Alberta farmers identify priorities for environmental action
June 8, 2006:
As Canadians take action on the environment with Canadian Environment Week June 4-10, Alberta farmers are taking steps towards identifying environmental priorities on their farms and ranches. These producers are developing Environmental Farm Plans (EFPs) to deal with these challenges.
An EFP is a voluntary, confidential self-assessment process that helps agricultural producers evaluate the environmental risks and strengths of their farms and ranches, at the same time identifying the priorities they rate as most important to the sustainability of their operations.
"Canadian Environment Week, which coincides with World Environment Day, has as its objective raising public awareness of environmental sustainability at the community level," says Therese Tompkins, program director of the Alberta Environmental Farm Plan (AEFP) Company, the non-profit group which delivers the EFP program in the province. "The EFP program is an excellent example of how farms and ranches are taking a leading role in this area."
High on Alberta producers’ environmental priority list is water source management, says Tompkins. More producers are testing water for domestic use and taking steps such as increasing the use of backflow prevention devices, which prevent contamination when filling sprayer tanks and livestock troughs.
Storage of petroleum products is another issue on the minds of farmers and ranchers, who are improving security and fuel dispensing practices and protecting against spills, says Tompkins. "They have also been preparing emergency plans and ensuring access to clean-up equipment."
Another priority is the storage and handling of pesticides. "EFP participants clearly want to minimize on farm pesticide storage during non-use seasons," says Tompkins. "They’re increasing security, improving spill or leak containment in storage areas, improving tank filling practices and reducing the on farm transportation of pesticides."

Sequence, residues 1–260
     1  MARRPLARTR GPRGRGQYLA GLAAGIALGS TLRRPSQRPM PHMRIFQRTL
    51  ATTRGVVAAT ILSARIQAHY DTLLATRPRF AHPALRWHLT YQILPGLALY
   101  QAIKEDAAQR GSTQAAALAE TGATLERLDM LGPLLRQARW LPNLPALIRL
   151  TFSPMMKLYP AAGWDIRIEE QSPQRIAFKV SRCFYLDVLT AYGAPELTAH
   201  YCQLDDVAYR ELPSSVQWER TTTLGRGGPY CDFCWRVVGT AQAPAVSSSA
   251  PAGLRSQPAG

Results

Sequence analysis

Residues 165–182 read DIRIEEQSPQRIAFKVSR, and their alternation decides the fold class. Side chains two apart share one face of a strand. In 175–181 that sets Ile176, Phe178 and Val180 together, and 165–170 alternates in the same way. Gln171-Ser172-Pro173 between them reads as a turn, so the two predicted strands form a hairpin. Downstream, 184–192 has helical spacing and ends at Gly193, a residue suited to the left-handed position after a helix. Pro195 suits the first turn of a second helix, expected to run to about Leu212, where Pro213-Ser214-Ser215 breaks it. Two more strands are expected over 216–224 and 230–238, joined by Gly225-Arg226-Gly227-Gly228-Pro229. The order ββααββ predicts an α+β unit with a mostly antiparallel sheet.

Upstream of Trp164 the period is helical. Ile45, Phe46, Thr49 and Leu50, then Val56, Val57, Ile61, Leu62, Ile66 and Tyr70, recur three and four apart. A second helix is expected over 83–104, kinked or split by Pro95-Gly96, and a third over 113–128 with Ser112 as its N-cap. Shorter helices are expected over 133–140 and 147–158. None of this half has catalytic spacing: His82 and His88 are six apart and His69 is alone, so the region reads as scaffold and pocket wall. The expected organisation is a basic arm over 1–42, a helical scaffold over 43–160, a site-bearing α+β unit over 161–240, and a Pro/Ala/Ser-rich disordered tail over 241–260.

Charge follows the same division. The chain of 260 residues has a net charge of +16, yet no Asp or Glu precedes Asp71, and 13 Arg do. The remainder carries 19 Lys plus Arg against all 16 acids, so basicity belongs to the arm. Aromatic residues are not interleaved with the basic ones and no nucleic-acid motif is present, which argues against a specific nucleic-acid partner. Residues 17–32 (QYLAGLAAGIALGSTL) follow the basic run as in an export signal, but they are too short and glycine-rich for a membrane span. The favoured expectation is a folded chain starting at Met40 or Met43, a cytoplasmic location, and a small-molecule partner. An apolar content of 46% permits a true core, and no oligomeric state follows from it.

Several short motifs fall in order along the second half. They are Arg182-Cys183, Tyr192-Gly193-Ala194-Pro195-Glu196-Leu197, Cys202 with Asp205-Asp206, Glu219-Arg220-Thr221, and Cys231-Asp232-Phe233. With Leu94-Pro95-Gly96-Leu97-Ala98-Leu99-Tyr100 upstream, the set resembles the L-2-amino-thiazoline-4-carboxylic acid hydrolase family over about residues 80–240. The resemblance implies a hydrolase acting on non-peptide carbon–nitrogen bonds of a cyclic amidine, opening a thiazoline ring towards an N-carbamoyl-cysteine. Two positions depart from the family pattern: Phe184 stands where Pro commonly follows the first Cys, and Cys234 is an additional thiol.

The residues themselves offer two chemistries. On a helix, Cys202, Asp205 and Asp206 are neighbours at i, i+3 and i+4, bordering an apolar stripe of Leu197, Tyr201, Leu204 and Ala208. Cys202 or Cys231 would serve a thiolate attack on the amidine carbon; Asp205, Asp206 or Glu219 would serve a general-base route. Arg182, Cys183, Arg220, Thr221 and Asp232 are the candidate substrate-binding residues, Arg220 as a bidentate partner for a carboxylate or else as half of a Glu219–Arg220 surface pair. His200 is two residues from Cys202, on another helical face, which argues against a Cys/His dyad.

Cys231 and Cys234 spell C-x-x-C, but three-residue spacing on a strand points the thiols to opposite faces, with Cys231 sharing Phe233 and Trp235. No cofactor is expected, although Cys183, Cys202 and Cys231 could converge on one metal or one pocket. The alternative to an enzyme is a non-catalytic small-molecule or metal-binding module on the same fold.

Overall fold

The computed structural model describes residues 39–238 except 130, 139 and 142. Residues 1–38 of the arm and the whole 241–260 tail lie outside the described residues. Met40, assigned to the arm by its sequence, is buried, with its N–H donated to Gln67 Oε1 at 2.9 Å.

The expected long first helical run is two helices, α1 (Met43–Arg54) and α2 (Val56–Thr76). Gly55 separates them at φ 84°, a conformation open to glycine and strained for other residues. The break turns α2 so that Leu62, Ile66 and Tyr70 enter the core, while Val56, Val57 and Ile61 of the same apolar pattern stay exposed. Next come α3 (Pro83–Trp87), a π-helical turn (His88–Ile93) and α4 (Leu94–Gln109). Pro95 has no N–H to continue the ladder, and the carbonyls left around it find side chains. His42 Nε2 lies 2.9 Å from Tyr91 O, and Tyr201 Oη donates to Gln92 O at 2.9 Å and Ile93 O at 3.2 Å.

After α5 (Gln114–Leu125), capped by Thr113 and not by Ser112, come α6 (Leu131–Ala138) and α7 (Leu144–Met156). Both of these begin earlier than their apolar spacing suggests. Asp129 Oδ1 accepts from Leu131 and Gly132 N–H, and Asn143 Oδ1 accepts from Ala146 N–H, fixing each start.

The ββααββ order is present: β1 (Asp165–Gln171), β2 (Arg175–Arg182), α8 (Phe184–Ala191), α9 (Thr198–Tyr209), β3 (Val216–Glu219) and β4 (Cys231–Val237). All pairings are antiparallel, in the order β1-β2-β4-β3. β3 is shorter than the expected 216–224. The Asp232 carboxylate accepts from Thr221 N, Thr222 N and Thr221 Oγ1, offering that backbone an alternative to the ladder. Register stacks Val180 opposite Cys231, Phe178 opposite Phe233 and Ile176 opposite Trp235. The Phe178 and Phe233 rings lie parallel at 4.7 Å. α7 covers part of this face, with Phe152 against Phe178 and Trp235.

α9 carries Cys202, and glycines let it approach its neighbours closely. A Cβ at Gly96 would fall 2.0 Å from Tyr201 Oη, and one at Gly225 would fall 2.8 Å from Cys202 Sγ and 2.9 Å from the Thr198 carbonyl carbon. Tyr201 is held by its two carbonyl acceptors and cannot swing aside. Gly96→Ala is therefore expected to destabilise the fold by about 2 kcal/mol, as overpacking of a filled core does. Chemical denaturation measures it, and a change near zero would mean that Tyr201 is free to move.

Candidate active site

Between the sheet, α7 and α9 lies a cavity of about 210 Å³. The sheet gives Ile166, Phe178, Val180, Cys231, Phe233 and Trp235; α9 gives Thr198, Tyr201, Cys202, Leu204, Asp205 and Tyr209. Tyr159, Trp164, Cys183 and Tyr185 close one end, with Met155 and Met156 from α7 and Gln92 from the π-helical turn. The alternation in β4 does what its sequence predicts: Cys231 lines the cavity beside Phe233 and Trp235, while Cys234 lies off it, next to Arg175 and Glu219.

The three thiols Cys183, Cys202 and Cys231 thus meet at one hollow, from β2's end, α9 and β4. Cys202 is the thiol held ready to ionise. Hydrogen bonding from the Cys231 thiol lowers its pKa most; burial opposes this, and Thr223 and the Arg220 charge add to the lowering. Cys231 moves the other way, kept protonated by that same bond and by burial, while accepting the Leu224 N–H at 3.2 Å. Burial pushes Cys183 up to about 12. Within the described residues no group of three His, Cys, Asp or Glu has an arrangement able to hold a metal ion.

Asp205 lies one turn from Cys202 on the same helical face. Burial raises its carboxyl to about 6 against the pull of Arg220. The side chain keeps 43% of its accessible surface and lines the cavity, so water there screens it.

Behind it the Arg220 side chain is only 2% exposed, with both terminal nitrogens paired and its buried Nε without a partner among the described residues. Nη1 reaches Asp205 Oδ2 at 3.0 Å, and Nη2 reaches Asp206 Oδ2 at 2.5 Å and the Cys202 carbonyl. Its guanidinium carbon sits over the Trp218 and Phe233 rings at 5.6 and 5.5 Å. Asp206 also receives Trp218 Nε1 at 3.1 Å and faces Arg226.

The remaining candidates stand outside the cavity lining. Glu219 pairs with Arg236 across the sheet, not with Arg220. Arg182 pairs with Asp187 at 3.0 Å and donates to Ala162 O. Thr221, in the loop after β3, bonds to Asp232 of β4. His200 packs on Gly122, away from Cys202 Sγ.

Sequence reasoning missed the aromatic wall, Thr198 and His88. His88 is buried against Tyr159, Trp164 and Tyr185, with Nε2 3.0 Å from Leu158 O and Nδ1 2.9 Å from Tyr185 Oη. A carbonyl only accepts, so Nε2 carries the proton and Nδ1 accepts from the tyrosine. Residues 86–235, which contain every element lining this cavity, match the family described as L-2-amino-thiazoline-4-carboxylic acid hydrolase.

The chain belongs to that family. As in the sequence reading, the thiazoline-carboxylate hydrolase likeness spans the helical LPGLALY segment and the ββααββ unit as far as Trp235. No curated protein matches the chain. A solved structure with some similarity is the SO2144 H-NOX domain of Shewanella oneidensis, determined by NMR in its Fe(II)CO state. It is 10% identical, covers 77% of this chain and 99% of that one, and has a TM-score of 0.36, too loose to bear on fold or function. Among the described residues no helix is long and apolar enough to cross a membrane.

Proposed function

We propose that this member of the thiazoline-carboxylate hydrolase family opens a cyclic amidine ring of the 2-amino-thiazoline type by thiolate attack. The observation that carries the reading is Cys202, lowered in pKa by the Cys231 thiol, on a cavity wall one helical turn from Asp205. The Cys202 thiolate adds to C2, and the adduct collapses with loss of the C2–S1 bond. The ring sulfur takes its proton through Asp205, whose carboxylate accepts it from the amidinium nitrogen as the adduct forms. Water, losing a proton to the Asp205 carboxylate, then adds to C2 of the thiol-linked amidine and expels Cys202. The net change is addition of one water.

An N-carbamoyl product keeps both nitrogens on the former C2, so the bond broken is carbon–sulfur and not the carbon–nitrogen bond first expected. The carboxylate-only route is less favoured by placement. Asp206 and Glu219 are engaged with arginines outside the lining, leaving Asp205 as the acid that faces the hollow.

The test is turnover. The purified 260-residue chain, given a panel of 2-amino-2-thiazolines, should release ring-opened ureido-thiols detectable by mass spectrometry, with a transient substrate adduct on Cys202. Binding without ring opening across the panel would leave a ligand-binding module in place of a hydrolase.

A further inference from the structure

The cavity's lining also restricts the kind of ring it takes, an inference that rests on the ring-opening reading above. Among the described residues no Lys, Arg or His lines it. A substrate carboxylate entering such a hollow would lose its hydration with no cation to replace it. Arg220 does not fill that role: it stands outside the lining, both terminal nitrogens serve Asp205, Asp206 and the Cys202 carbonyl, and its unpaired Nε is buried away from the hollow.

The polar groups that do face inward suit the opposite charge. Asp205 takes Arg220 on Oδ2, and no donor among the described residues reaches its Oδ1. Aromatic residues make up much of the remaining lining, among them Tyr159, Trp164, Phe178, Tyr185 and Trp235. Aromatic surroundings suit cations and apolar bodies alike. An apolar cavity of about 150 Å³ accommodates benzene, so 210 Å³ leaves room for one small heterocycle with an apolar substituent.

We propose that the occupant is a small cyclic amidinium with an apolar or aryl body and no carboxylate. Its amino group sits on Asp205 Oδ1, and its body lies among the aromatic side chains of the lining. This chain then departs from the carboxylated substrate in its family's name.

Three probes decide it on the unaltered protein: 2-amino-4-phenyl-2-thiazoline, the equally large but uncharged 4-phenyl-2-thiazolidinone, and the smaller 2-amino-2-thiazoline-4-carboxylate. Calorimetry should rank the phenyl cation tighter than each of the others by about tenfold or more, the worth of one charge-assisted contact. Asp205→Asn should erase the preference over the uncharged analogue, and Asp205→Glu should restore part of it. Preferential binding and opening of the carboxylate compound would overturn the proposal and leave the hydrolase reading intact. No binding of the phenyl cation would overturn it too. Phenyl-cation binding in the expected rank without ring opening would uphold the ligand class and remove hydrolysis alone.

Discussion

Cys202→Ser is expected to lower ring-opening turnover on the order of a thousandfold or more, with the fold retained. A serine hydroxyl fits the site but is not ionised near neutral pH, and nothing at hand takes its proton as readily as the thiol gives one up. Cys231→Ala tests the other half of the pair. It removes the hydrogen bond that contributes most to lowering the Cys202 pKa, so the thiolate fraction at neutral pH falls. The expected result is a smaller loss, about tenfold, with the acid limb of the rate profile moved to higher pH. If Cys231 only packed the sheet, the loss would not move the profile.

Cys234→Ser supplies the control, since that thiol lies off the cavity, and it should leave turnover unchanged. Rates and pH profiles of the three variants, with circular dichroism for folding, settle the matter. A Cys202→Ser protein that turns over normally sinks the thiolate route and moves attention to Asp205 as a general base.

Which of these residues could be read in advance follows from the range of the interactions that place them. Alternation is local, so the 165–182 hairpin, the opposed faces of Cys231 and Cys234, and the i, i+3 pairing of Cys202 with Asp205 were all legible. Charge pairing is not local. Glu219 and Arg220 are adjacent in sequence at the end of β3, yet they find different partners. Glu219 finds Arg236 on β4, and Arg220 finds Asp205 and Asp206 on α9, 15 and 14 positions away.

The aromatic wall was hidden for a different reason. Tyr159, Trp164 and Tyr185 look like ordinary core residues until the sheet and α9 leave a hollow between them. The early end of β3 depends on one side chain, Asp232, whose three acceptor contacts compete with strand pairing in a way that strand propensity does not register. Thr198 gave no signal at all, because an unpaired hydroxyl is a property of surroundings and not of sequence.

Soil management is another issue producers are tackling by reducing tillage and addressing several wind erosion risks. "They’re also increasing the adoption of organic amendments in the rotation, among other activities," says Tompkins.
Farmers and ranchers have also been taking steps to better manage household wastewater. Ensuring good design and construction of septic systems, improving subsurface distribution of sewage effluent and improving monitoring of disposal areas have been priorities for EFP participants.
Producers have also used the EFP program to access funding for these on-farm environmental improvements. Each farm that completes an EFP is eligible for $30,000 for beneficial management practices (BMP) implementation through the Canada-Alberta Farm Stewardship Program (CAFSP). To date, Alberta farmers have committed or spent over $10 million on close to 1000 individual BMP projects, and will be reimbursed almost $4 million under the CAFSP program.
"The goal of EFP is not only to provide a healthy landscape for the next generation, but also to maintain market access for agricultural products," says Tompkins. "Consumers are becoming increasingly concerned about the safety and quality of the food they eat, which is driving interest in how that food is produced. EFPs enhance Canada’s reputation for producing good, wholesome food in a healthy environment, helping this country’s food products compete in world markets."
For more information on the Environmental Farm Plan program, visit the AEFP Web site at www.albertaEFP.com. AEFP was established in 2002 as an industry-run, non-profit corporation that delivers EFP services to Alberta farmers. Through the Agricultural Policy Framework (APF), the Government of Canada provides major funding to the EFP program in Alberta, with the Government of Alberta providing additional in-kind support services to help the agricultural sector develop and implement EFPs. For more information on CAFSP, contact the program office toll-free at 1-800-667-8567.
Additional support has been provided by the Agriculture and Food Council, through the Agricultural Environmental Stewardship Initiative, the Alberta Environmentally Sustainable Agriculture Council (AESA) and various ministries of the Government of Alberta. Contributions have also come from more than 100 local municipalities, businesses and agricultural organizations.